Before I get started, let me warn you of something: there’s going to be almost nothing about the 2020 Volkswagen Grand California Hotel in the following paragraphs. Scroll down to the bottom for a video and a link if you’re into specs. With that said, let’s get going.
I have this van that lives in Mexico. It’s a real piece of shit, full of rust and dust. A 1981 Dodge with a queen-sized bed and hilariously ugly linoleum. There’s something wrong with the timing chain, I think, so it makes an odd pinging sound when it’s going up a hill. If you’re putting it in reverse you’d better get some earplugs, because a clang of ungodly volume is about to emerge from the transmission. It scares birds away from a radius of about a mile. The back doors are so rusted that when you drive down a dusty road (of which there are many in Mexico), a fine film of dust coats the entire interior. When you stop and tumble out, a cloud of that dust hovers around the passengers, sparkling in the sun. It’s on your teeth and in your nose, under your collar and stuck to your sweat. Oil disappears from the engine, about a quart every tank, but I have no idea where it goes. The exhaust isn’t particularly blue so it’s not burning it, and there’s never a big oil stain under it when it’s been parked for a few days. But still, that oil just disappears.
It lives in southern Baja because we found a box of puppies a few years ago and decided to leave it and fly them home. It started its life with us on Vancouver Island, took us to sunny Southern California, then down to the southern tip of Baja. Now it waits patiently for us there, full of surfboards and spearfishing gear and melting wax. Last time I picked it up, the fridge was basically all mold — maybe it was the eggs we’d left in there that exploded from the heat or maybe it was the butter. Here’s the ol’ girl in her element:
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A few years ago, the wiring in the back caught on fire while I was driving. There I was, driving along happily, thinking about waves or worrying about the pinging sound when all of a sudden the smoke hit me. In the span of about two seconds, it was so thick I couldn’t see, which generally makes driving difficult. It was that smoke that comes from burning plastic; the kind that burns your nose and makes the tiniest of breaths impossible. I pulled over, frantic to find the source. Ripped out the doors on the compartment where the battery was, broke a bunch of the legs off the bed, and finally found the back battery that runs the lights and outlets. The wires were burning as I watched because, like an idiot, I had somehow managed to put the positive on the negative. Of course, since I am an idiot, I didn’t have a fire extinguisher, so I just tore the battery out, threw it on the pavement, and proceeded to grab the burning wires and yank them until they hung from my fingers like melted tentacles. That was the end of the lights and outlets, until two years ago. I spent a happy afternoon on a beach in Mexico, tracing the snarled web of burned wires throughout the van and carefully, lovingly replaced them all. My back burned to blistering and I was drunk on weak Mexican beer when it was done. But flicking the lights on was the most satisfying thing ever.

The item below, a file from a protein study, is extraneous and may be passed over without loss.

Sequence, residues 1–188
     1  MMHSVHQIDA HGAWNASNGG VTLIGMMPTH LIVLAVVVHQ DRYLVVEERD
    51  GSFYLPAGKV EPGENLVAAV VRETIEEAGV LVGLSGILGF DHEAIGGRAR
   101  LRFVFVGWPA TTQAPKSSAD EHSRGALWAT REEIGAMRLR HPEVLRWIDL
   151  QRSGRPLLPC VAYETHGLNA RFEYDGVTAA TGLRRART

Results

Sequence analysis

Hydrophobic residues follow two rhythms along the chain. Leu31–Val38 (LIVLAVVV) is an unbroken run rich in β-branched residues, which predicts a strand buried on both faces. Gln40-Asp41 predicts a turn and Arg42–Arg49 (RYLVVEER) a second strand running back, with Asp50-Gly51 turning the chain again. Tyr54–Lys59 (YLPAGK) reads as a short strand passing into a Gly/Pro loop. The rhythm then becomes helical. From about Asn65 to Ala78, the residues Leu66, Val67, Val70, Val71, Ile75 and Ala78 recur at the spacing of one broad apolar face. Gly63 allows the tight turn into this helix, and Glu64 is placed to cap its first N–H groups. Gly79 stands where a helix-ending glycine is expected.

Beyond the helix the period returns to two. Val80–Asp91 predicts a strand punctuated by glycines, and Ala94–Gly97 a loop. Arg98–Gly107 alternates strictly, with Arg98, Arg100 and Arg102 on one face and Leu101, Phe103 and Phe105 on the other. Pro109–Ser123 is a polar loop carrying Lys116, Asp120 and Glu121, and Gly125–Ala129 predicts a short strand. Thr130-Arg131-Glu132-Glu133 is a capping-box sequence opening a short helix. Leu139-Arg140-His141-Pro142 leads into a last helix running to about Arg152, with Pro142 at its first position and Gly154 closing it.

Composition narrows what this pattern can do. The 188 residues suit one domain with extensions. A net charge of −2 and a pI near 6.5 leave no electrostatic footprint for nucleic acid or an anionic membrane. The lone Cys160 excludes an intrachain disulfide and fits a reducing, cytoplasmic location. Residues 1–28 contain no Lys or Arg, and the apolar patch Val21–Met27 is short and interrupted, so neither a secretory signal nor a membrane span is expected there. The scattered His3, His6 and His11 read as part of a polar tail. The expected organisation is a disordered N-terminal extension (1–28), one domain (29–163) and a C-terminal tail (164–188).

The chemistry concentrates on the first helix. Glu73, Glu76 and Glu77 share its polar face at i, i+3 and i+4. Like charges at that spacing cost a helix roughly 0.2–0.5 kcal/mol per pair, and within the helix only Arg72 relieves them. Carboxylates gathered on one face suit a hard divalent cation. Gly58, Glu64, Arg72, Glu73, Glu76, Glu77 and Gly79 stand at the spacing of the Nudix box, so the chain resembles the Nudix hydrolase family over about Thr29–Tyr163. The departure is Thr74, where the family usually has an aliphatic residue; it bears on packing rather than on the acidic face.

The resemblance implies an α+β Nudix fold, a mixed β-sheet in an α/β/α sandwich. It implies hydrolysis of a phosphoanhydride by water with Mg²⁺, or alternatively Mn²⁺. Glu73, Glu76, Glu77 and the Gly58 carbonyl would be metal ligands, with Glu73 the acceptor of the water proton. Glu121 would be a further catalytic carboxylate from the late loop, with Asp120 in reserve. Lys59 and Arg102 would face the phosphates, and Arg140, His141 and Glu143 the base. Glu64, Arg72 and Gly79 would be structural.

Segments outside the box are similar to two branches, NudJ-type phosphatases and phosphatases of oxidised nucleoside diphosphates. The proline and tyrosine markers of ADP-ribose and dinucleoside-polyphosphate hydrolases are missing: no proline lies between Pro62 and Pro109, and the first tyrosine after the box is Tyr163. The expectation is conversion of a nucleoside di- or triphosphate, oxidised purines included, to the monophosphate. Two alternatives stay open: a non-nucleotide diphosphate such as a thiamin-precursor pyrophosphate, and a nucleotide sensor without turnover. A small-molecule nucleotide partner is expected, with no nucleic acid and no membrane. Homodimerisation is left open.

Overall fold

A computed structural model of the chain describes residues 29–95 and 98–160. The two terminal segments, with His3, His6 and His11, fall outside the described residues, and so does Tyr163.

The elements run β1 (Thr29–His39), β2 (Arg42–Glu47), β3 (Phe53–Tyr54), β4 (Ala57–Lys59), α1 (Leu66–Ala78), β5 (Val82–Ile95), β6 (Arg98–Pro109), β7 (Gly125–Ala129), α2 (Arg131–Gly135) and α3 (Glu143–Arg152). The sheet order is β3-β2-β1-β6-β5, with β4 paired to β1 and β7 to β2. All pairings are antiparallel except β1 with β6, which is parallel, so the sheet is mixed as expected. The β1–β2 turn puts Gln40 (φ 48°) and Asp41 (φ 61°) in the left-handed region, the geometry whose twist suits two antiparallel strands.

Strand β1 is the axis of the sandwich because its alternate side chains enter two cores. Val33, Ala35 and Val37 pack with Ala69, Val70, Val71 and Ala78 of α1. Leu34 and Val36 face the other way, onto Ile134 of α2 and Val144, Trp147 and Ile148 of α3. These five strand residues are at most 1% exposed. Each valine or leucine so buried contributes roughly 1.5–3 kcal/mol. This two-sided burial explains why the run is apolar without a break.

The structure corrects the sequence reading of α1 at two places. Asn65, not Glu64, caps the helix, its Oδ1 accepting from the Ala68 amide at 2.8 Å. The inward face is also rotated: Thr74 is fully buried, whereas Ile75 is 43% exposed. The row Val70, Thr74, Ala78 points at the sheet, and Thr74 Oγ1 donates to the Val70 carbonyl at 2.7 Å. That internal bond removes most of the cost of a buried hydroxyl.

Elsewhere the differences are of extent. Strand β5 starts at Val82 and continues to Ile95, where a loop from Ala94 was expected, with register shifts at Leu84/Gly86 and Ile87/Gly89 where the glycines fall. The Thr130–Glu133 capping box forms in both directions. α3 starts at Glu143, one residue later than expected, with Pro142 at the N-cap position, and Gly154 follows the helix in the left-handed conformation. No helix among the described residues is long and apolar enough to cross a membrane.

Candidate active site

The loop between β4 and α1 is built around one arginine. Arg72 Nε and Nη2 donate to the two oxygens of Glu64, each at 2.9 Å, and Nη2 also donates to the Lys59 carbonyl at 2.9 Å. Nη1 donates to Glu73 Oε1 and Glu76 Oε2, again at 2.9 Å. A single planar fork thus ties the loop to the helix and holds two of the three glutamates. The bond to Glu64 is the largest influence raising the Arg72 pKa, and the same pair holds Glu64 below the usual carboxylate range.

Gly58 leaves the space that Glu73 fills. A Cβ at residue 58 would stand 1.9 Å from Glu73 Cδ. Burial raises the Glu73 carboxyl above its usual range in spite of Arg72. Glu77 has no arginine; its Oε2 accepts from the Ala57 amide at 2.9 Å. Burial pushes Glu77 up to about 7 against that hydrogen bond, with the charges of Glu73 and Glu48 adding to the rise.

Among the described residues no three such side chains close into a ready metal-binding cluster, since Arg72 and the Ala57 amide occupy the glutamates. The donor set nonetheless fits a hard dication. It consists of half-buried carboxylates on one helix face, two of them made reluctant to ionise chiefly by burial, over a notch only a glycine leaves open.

And despite all that — or maybe because of it — I love that van like I love a great friend. Sure, she’s a real bitch sometimes. Cantankerous in the mornings, crabby when she doesn’t have fuel, and slow to react to my demands, but we’ve done some shit together. We’ve been in situations that required us to work together, me stroking the dashboard lovingly and whispering sweet nothings while cramming my foot on the gas and hoping against hope we’ll get out of this godforsaken sand before nightfall.
In my head, it is sad and lonely while it waits in storage, just hoping against hope that I will return and fire her up again so we can charge down a dusty arroyo together with sweating cans of Tecate in the cooler and mariachi music breaking through the static on the radio every now and then. But it’s just a van, so that’s probably not the case. My partner wants me to sell it so we can get something better, but I can’t even imagine doing that. She’ll win one of these days, because I know she’s right as she usually is. But I won’t be happy about it.
With any luck, we’ll get $1,000 for it, which is $500 less than we paid for it about a decade ago. We’ll get something awesome and reliable, like the 2020 Volkswagen Grand California Hotel. It’ll have all the bells and whistles. Unlike the old VW vans, it will have an onboard bathroom and a shower. I won’t have to worry about the pinging sound or pet the dashboard lovingly. Oil will not vanish from it like a whisper in the breeze and it will not fill with that fine Mexican dust. It will start and drive and have lights that turn on at the flick of a switch. And I’ll miss my old Dodge because that old Dodge is part of my story. Sure, a 2020 Volkswagen Grand California Hotel could make some stories, but they won’t be nearly as exciting as being stranded in the middle of Mexico because the fan belt blew up.
But still, how sweet is Volkwagen’s new van? If you actually want to know about it, click over to Motor1.com. Unlike me, they’ve got the specs covered.